To be sure, artists are not the only ones who are exploiting our uncertainty about the source and status of content within this new networked culture. Commercial interests and political interests are also increasingly acting in unscrupulous ways — inserting fake grassroots media content into YouTube and other such sites in hopes that it can be passed off as authentic bottom-up material. There’s even a word for this fake grassroots culture — Astroturf. Here’s a classic example of Astroturf. Earlier this summer, The Wall Street Journal outted a YouTube video spoofing Al Gore’s An Inconvenient Truth not as the product of an amateur but rather as the work of a Washington lobby group eager to discredit the former vice president:
The maker of the Gore-baiting spoof is credited as Toutsmith, a 29-year-old from Beverly Hills, California. The video appears to have been produced on a home computer, with a budget of pennies. But an investigation by The Wall Street Journal has discovered that Toutsmith is actually operating from Washington, on a computer registered to a PR company called DCI Group. The company’s clients happen to include the multinational oil company ExxonMobil. If the video was produced by DCI Group, it would not be the PR company’s first attempt to produce its own content. The company operates a news and opinion website called Tech Central Station, which is sponsored by companies including Exxon, General Motors and McDonald’s. The website takes a highly skeptical view of climate change, and is openly anti-Gore.
All of this brings me back to the debate which has been brewing here around my post about the efforts to save Stargate. One side has been asserting that the campaign I described as grassroots activism may be having closer ties to the production company, MGM, than has been acknowledged, a charge that the group leaders deny. And others are writing to suggest that it really doesn’t matter since the goal is for fans and producers to work together to find a solution which allows them to keep a favorite television show in production. I have been trying not to take sides here. I don’t know where the truth lies. But I am really fascinated by the controversy itself as an illustration of the increased blurring of distinctions between media producers and consumers.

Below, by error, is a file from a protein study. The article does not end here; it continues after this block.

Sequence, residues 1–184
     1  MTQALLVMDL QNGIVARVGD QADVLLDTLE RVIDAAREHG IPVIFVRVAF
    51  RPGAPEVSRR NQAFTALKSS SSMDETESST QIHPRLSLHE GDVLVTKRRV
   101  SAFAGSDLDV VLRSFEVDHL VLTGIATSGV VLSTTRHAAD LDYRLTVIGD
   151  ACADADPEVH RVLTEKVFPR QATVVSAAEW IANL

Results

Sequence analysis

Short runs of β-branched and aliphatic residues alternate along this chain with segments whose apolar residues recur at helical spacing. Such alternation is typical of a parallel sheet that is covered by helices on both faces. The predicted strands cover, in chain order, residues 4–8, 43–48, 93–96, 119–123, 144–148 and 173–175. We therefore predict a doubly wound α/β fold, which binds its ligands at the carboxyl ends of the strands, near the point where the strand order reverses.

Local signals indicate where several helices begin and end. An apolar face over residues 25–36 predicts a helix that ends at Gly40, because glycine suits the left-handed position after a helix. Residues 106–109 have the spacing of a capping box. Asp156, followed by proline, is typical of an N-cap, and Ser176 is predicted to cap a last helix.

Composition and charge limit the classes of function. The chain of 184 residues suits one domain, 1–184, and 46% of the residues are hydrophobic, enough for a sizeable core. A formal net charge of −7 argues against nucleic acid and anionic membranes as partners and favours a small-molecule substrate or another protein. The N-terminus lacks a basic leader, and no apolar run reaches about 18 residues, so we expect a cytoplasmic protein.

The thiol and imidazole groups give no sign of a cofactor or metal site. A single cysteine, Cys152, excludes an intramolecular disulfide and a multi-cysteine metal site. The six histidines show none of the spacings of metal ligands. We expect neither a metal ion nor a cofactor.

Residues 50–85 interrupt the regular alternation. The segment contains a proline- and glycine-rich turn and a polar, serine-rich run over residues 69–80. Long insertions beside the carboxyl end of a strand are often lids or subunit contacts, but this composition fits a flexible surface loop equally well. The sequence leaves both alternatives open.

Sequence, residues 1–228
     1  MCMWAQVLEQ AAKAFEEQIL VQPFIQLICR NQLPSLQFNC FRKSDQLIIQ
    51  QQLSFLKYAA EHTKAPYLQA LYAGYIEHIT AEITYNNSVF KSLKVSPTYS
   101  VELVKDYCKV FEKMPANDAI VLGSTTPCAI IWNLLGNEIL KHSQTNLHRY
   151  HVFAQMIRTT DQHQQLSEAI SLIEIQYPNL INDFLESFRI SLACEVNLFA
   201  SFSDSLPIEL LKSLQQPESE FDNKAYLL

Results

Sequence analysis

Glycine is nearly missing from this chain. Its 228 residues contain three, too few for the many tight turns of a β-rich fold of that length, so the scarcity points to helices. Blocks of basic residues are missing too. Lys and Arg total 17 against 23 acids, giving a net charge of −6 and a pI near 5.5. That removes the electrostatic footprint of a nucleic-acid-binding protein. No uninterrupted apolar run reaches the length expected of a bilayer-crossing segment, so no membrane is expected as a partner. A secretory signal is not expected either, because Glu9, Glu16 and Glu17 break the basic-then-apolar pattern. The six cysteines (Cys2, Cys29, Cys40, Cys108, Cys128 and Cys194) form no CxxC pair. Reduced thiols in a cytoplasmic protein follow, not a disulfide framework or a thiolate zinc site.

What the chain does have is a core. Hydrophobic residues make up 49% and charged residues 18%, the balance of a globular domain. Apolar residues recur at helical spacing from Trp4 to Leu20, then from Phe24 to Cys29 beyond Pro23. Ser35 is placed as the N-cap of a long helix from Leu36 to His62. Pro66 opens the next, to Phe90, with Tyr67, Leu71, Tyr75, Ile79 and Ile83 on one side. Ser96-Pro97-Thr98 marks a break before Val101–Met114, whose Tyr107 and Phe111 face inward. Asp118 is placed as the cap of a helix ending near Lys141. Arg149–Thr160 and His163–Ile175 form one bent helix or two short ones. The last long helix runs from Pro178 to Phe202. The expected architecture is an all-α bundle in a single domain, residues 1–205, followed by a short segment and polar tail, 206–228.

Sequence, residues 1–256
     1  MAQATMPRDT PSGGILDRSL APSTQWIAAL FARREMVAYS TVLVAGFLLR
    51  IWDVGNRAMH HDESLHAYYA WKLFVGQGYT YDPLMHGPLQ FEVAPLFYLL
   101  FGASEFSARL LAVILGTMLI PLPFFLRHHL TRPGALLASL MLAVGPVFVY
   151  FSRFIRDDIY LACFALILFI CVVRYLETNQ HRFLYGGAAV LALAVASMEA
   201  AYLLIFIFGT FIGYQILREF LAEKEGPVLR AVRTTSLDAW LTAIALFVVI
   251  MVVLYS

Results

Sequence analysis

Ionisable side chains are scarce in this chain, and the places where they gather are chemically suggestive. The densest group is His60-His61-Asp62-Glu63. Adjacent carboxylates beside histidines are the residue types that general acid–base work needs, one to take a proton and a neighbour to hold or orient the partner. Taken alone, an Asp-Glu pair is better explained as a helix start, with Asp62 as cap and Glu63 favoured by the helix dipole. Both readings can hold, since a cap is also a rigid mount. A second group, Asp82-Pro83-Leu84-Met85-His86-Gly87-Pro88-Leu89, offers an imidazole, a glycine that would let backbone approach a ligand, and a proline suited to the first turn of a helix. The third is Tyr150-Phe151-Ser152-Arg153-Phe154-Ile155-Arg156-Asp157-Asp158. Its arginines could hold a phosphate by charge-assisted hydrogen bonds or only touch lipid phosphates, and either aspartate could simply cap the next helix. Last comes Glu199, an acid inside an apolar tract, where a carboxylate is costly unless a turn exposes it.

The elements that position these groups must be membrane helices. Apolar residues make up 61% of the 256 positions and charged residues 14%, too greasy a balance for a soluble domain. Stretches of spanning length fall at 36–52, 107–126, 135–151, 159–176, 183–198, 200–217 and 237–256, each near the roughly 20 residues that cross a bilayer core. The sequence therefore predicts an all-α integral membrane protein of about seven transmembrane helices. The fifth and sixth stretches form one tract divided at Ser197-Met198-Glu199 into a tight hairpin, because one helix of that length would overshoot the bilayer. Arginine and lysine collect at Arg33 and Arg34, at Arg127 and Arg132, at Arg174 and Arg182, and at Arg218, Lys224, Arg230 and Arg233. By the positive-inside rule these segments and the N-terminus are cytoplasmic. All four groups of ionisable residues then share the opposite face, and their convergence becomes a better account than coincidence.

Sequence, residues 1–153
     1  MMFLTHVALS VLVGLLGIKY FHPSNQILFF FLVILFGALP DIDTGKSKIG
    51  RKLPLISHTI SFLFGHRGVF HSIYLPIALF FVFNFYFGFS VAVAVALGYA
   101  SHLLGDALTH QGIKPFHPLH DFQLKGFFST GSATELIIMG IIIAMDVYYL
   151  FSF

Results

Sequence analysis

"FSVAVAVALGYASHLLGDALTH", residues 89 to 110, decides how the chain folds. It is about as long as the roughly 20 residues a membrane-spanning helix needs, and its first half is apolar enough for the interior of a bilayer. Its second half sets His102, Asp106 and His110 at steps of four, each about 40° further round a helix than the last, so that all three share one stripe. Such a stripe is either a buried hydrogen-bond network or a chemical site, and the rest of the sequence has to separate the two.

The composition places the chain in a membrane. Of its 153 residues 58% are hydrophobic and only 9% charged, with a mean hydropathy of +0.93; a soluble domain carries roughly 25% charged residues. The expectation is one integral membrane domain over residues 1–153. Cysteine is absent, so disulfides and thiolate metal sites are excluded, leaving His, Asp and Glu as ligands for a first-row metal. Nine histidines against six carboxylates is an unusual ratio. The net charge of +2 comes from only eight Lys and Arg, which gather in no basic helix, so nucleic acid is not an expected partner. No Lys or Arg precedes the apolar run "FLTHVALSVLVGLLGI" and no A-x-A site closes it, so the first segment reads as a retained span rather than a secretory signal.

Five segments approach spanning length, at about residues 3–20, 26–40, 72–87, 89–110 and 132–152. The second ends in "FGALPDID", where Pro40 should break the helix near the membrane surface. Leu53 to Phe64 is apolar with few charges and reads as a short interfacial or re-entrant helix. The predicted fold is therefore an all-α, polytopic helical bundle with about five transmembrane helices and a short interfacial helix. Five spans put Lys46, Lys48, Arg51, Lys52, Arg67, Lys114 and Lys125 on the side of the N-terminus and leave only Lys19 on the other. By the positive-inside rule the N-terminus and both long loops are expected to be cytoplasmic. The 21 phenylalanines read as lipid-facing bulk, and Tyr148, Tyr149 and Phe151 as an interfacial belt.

As I suggest in Convergence Culture, sometimes these groups are making common cause facilitated by the shared communication context provided by the web. They are speaking to each other through multiple channels — public and private, open and closed, commercial and grassroots — and working together on an ad-hoc basis. Other times, the groups are steadfastly opposed to each other, pursuing their own interests in their own ways. And sometimes, nobody is certain what is going on. Are we working together or are we being exploited? Could both be going on at the same time? Or could our suspicion of hidden motives get in the way of pursuing common interests, leaving us always looking for conspiracies where none exists?
Chaos or Churn?
Earlier, I shifted between calling this chaos (a negative term no matter how you cut it) and churn (a more positive spin). Writers like Virginia Postrel (The Future and Its Discontents) and Grant McCracken (Plentitude) use the term, churn, to describe a culture of rapid turnover and constant change, describing this uncertainty and unpredictability as generative. Churn encourages the experimentation and innovation at the very heart of the creative process. Clearly, we should be hunting out Astroturf which is simply a new form of spam but we should also be enjoying the creative spark which drives something like Lonelygirl15 or Danger Mouse. We should, like the 19th century patrons of P.T. Barnum, take pleasure in trying to see through a good humbug. We should be going into all of this with our eyes wide open but we should also be prepared to accept impure motives and hybrid works that emerge at the nexus between different levels of cultural production.
Thanks to danah boyd, Zhan Li, and Anna Pauline Van Someren for information included in this post.